Yueyoum - 11 months ago 741

Python Question

How do I calculate the inverse of the cumulative distribution function (CDF) of the normal distribution in Python?

Which library should I use? Possibly scipy?

Answer

NORMSINV (mentioned in a comment) is the inverse of the CDF of the standard normal distribution. Using `scipy`

, you can compute this with the `ppf`

method of the `scipy.stats.norm`

object. The acronym `ppf`

stands for *percent point function*, which is another name for the *quantile function*.

```
In [20]: from scipy.stats import norm
In [21]: norm.ppf(0.95)
Out[21]: 1.6448536269514722
```

Check that it is the inverse of the CDF:

```
In [34]: norm.cdf(norm.ppf(0.95))
Out[34]: 0.94999999999999996
```

By default, `norm.ppf`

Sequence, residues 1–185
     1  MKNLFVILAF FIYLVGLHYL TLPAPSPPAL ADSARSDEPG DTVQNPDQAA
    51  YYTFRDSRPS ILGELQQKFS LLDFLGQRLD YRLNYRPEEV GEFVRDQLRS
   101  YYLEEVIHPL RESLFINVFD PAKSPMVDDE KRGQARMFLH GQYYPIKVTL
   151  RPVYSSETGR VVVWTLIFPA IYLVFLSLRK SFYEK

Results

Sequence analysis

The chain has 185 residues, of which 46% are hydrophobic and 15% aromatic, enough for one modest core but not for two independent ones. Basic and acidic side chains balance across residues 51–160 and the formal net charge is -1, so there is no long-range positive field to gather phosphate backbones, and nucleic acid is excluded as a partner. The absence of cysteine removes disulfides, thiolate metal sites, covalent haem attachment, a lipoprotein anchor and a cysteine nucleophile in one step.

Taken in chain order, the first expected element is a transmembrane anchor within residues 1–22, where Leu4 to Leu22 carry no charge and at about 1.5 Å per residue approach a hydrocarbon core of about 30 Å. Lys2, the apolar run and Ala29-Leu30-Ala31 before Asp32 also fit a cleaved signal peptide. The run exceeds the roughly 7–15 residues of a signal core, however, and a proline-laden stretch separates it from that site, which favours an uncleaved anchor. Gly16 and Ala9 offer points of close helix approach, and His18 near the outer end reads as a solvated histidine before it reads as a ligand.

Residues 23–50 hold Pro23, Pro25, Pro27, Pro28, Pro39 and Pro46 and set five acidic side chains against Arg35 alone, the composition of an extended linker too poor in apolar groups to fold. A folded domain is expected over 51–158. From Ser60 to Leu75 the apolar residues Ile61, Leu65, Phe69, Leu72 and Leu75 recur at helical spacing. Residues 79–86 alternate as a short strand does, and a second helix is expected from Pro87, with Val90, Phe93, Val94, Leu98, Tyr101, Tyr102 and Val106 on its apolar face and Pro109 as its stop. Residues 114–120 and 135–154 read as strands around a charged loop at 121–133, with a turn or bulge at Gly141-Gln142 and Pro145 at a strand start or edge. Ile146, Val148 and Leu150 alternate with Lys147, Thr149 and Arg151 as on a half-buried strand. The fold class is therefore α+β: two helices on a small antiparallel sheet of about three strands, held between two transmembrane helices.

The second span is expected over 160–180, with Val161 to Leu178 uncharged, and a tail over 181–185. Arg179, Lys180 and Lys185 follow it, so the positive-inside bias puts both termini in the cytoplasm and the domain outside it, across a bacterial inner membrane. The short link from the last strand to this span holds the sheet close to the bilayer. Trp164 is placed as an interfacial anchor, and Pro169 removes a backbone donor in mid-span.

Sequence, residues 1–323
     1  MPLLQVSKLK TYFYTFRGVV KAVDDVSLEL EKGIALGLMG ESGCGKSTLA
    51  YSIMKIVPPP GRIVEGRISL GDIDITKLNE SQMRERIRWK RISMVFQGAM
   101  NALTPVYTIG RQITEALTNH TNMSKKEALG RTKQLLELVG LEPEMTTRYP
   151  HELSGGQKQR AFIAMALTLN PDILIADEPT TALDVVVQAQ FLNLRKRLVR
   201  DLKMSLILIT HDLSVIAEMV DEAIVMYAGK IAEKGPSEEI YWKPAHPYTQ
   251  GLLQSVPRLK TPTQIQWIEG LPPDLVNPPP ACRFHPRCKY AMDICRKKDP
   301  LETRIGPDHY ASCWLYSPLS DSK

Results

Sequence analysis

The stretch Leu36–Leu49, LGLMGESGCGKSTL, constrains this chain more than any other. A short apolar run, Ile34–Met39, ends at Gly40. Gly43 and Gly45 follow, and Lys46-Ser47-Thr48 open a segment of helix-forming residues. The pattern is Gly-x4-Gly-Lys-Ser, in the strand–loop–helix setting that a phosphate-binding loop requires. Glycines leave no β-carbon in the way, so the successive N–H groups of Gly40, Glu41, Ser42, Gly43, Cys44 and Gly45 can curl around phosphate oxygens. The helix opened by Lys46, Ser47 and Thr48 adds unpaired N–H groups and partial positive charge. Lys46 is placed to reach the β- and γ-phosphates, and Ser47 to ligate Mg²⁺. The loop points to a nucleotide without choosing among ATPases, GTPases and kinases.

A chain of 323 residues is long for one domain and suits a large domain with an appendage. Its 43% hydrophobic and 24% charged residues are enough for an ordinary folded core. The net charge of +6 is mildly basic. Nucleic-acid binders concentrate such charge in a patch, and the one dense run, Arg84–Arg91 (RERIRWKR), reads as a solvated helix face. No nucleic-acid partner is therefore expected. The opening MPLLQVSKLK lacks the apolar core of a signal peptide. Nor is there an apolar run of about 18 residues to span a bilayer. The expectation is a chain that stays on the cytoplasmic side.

uses mean=0 and stddev=1, which is the "standard" normal distribution. You can use a different mean and standard deviation by specifying the `loc`

and `scale`

arguments, respectively.

```
In [35]: norm.ppf(0.95, loc=10, scale=2)
Out[35]: 13.289707253902945
```

If you look at the source code for `scipy.stats.norm`

, you'll find that the `ppf`

method ultimately calls `scipy.special.ndtri`

. So to compute the inverse of the CDF of the standard normal distribution, you could use that function directly:

```
In [43]: from scipy.special import ndtri
In [44]: ndtri(0.95)
Out[44]: 1.6448536269514722
```

Source (Stackoverflow)